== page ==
4. Which brings us to Being. This last is more the meal, while the earlier 3 principles are the recipe. You start with support, mix in a heap of allow, and a generous dollop of breathe, and if the temperature and time and stars align, you’ll pull some being out of the oven. It doesn’t matter if the recipe turns out, though, because the sustenance of the meal is there all along. The recipe is just our method of cleaning of the oven.

Morning Practice

well stone after spectacular late summer monsoon….

prepared ground….

….. feet on mat….


stone cairns….

grandfather stones…

mother stone….

Hub & Spoke Meditation Link

Upaya Zen Center

This powerful meditation demonstrates and cultivates your second order reflexive awareness, or awareness of awareness. Dr. Dan Siegel leads us to pay attention to the “rim” of awareness by following spokes of sensation, thinking, feeling and connection to others, each in turn. Finally, you “turn the spokes back on the hub” and rest in your meditative center, the hub of consciousness.

The link above will take you to a recording of a talk containing a guided meditation (about 12-13 minutes in) given by Dr. Siegel at Upaya Zen Center just last month. You can listen to the whole series of 9 talks based on his new book MindSight, or simply enjoy this simple guided meditation. Here are some quotes from Dr. Siegel about the power of attention.

“The close paying of attention turns on parts of the brain that make synaptic change happen.”

“Mind is the embodied, relational regulatory process of the flow of energy and information.”

“We know from research that the way you develop your awareness changes the health of your body… changes your relational health… and cultivates mental health.”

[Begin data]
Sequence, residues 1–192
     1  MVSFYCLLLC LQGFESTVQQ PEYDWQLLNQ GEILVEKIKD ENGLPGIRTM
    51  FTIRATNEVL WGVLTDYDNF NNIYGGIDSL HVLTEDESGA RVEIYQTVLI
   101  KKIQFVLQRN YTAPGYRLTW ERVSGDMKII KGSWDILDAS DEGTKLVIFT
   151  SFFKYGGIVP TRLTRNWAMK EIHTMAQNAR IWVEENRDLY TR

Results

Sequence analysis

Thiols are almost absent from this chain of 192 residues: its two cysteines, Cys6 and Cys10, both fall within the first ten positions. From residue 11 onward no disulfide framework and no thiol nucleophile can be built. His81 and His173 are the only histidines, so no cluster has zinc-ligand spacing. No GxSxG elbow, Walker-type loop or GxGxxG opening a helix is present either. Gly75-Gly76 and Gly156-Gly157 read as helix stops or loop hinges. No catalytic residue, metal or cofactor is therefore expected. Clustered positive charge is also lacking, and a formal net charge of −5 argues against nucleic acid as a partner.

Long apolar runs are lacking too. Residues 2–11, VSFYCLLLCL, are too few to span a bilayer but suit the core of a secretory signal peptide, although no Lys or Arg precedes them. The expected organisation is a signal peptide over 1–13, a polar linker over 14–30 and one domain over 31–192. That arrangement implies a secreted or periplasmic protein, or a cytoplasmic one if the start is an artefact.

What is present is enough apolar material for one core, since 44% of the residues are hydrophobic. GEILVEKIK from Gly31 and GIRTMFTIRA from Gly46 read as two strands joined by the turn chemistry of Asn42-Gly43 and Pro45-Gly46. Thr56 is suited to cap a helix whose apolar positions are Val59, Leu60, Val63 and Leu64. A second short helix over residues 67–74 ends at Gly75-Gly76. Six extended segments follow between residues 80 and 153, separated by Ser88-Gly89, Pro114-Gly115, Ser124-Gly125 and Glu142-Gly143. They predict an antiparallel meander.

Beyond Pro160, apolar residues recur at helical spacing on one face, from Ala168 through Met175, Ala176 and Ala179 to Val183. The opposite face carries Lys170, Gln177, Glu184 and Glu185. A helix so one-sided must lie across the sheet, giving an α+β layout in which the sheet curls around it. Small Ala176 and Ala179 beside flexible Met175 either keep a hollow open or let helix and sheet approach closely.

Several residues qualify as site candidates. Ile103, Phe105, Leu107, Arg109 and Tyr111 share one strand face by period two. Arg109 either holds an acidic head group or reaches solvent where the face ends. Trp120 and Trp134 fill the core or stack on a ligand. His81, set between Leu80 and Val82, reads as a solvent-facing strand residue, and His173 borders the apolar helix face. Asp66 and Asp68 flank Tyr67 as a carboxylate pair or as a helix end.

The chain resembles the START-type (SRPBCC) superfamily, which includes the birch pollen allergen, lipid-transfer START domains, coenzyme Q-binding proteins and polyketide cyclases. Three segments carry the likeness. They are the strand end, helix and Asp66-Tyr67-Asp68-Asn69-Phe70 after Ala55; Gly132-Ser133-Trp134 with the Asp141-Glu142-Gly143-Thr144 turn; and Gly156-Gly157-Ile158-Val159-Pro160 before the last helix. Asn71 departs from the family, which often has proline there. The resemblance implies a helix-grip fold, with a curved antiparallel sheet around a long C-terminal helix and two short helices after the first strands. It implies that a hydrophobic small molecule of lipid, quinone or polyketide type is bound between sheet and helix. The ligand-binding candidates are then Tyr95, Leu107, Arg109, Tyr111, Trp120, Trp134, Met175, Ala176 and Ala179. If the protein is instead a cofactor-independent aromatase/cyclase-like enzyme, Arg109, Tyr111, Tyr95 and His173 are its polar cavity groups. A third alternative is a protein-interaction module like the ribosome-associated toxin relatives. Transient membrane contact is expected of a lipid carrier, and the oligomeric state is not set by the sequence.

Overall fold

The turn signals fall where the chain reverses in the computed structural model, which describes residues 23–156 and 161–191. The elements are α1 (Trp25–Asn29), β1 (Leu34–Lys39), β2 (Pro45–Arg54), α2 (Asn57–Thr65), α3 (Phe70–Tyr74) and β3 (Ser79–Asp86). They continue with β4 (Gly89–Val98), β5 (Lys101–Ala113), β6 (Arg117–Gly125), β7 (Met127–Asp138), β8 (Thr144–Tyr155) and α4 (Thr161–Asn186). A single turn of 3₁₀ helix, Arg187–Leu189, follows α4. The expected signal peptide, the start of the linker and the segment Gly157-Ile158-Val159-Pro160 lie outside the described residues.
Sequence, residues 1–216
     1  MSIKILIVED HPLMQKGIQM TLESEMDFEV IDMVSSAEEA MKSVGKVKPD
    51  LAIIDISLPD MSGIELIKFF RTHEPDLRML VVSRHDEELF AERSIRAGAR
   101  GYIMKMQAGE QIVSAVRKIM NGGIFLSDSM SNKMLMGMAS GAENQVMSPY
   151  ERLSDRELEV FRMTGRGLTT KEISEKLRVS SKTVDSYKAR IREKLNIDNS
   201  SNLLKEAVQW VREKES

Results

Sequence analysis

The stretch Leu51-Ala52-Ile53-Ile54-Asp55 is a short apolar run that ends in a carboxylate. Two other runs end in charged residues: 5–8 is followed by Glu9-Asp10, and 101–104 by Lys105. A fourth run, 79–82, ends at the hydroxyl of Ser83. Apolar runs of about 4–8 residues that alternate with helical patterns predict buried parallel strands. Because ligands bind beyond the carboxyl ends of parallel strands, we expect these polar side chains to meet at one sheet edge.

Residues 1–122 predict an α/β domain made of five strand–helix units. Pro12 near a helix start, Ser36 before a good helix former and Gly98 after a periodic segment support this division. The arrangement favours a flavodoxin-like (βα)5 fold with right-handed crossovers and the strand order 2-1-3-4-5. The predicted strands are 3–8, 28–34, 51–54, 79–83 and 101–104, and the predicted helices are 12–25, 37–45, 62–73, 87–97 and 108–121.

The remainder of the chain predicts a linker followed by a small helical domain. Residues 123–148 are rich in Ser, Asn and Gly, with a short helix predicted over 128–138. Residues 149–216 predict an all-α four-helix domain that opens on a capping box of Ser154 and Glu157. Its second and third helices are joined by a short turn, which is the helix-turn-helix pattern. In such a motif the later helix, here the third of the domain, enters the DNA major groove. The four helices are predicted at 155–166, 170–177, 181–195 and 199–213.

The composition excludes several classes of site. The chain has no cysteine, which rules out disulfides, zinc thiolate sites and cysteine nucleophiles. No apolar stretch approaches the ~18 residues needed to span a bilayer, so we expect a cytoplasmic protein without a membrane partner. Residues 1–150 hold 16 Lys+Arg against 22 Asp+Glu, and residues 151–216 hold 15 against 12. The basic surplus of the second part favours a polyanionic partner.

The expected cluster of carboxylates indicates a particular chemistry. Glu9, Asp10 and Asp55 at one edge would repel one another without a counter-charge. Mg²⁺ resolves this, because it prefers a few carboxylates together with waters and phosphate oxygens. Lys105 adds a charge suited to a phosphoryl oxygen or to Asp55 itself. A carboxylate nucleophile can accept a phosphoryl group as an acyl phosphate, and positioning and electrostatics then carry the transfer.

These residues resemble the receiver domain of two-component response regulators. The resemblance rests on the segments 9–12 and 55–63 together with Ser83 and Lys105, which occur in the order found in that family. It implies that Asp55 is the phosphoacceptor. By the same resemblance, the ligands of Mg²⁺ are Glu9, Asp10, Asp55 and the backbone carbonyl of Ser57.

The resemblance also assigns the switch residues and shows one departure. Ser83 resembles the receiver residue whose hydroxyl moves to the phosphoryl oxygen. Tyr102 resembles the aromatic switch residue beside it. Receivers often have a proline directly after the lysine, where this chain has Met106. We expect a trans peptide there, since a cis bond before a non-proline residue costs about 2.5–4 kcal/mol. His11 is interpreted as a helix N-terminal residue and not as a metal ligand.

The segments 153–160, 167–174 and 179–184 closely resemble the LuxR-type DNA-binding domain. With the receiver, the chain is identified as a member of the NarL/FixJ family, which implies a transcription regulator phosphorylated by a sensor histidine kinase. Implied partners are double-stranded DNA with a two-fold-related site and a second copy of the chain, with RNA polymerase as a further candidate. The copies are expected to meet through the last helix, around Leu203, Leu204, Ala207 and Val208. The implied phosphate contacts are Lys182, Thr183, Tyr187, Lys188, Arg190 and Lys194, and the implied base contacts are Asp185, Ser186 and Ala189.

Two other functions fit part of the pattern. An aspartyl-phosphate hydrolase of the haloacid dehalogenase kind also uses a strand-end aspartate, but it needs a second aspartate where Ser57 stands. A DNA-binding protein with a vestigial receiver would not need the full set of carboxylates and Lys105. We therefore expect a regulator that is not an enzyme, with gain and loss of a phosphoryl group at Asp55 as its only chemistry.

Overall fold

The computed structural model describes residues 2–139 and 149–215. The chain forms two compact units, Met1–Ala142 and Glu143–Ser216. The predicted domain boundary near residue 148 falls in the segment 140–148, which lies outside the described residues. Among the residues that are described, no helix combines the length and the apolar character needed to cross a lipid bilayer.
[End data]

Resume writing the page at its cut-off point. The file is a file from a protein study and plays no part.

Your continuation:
“How we focus our attention shapes the structure of the brain.”

“Well-being emerges when we create connections our lives.”

In praise of Sun Salutations

It took me about 3 years to finally feel comfortable doing Sun Salutations.  I would squint and puzzle and squish my face through the series a few times and then plop back into the hot springs. I’d struggle with synchronizing my breath and figuring out whether I should breathe in or out as I stepped back and how long I should stay in Downward Facing Dog.

Then it “clicked” for me one morning, and it became my new addiction. What a remarkable feeling, bending forward and backward, upside down and right side up.

Then I learned the drshti for each pose, and how to jump back, and then I found the bandhas through the glorious repetition and flow. When I learned that there were mantram for each of the “stations” in the cycle, I was over the moon! There’s no part of my mind or body that this wonderful series doesn’t wring and wash out, and leave better than before.

Whether you put a plank before or after your dog, throw your warrior in for “B” versus “A”, go slow or fast, the beauty of the series is that once engaged, the flow will teach you where and how to go, will lead your breath in the right direction and your mind into peaceful water. The series can be fast or slow, exercise or meditation – or both, few or many, sinewy or rigorous – infinitely modifiable, portable and indescribably subtle.

My favorite place for Sun salutations is on a particular mesa overlooking the hoodoos outside Chaco Canyon, with my YogaPaws on and no one else in sight – and out there you can see a long, long way.  That’s just about tied with the plateau above Angel Peak  behind the Orwellian sounding “Land Farm”  – another story.

The YogaPaws turn a good core workout into an amazing experience of solid, centered energy and reveal how much work the yoga mat regularly does in yoga poses. It’s a revelation.

So now you know where I’m off to for the next for week or so. There’s another post queued up, and it’s a good one – a link to my new favorite meditation. I’ve gotta go get me some Sun Salutations right now – then you’ll find me somewhere lost among the hoodoos. No phone, no computer, no talking. Just walking, yoga and land. Ahhhhhh.